Why are so many Britons emigrating?
By Philip Johnston, Home Affairs Editor
Britain is experiencing unprecedented levels of immigration with more than half a million foreigners arriving to live here in a single year, new figures show.
Last year, 510,000 foreign migrants came to the UK to stay for at least 12 months, according to the Office for National Statistics. At the same time 400,000 people, more than half of whom were British, emigrated.
An exodus on this scale has not been seen in the UK for almost 50 years.
Overall in 2006, there were a record 591,000 new arrivals. Only 14 per cent of these were Britons coming home.
It is the first time the number of foreign migrants has topped half a million and the statistics do not include hundreds of thousands of east Europeans who have arrived to work in Britain in the past two years. This is because most say they are coming for less than 12 months and do not show up as long-term immigrants.
The figures suggest that only one sixth of the immigrants were from the states which joined the EU in 2004.
The biggest influx was from the New Commonwealth - India, Pakistan, Bangladesh and Sri Lanka - with more than 200,000 migrants.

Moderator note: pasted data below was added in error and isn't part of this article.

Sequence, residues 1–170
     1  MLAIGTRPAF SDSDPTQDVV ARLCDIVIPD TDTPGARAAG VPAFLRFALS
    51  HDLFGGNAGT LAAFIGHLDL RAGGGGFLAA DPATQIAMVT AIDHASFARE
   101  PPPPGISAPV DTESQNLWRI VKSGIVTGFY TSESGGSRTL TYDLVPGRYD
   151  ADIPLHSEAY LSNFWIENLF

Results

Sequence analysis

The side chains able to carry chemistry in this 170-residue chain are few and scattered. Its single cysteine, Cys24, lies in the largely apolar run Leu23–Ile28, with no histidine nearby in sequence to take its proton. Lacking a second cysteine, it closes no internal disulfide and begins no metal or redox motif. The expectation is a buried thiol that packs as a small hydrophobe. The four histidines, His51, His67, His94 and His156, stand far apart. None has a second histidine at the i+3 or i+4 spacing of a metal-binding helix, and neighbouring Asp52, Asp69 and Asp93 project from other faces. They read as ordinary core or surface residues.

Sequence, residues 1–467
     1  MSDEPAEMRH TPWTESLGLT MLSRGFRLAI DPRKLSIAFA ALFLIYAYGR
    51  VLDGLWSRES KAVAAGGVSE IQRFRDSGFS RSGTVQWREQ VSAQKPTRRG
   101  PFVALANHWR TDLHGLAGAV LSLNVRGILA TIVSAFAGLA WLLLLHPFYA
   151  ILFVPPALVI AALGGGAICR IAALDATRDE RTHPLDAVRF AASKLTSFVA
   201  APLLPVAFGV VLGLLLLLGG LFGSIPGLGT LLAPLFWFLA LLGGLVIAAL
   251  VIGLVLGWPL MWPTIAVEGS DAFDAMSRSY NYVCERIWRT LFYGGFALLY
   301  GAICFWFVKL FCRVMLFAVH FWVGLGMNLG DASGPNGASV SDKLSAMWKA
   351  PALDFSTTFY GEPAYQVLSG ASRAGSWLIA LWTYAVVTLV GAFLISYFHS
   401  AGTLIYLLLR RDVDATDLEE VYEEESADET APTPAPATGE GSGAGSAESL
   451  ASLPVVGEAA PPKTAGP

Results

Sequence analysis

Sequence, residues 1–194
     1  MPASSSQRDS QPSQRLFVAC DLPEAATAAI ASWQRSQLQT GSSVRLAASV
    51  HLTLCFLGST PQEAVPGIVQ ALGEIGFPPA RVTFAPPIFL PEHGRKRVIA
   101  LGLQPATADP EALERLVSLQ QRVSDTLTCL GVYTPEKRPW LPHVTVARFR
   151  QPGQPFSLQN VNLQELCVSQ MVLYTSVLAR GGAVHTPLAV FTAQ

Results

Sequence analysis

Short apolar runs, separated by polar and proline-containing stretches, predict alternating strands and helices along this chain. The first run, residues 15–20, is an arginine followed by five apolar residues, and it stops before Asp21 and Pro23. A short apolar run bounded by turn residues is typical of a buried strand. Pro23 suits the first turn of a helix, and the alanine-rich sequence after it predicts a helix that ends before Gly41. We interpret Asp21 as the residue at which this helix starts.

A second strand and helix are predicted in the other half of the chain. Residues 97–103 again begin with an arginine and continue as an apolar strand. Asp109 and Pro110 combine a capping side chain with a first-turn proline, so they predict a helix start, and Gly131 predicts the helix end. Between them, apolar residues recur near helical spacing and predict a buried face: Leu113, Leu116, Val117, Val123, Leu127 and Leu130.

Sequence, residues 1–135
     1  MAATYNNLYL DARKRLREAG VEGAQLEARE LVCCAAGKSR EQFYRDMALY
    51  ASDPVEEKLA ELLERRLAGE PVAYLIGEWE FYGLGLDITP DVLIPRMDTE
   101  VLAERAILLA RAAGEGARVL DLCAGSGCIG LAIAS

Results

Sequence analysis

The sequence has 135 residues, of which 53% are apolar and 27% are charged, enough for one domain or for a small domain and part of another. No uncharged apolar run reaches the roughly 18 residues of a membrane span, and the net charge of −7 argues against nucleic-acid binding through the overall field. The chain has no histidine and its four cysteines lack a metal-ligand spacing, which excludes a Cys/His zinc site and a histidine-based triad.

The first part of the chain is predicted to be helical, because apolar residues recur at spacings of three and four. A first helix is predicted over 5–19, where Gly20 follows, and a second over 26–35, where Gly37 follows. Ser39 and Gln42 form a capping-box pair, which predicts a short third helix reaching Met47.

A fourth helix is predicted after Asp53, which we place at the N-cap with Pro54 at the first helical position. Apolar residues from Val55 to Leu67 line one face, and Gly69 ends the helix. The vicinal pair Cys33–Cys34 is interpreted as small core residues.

Since Labour came to power in 1997, nearly four million foreign nationals have come to Britain and 1.6 million have left. Over the same period, 1.8 million Britons have left, but only 979,000 have returned.
More than 50 per cent of the British emigrants moved to just four countries in 2006 - Australia, New Zealand, France and Spain.
Yet despite high levels of emigration and a low birth rate, the population is still growing rapidly because of immigration by the equivalent to a city the size of Bristol every year.
This is placing huge pressures on public services, with councils claiming they are not getting enough financial help from the Government.
In a bid to deflect criticism and fulfill Gordon Brown's controversial conference pledge to create "British jobs for British workers", the Government will today announce plans to create millions more adult training places to ensure that people living in Britain have the skills to compete for jobs with immigrants.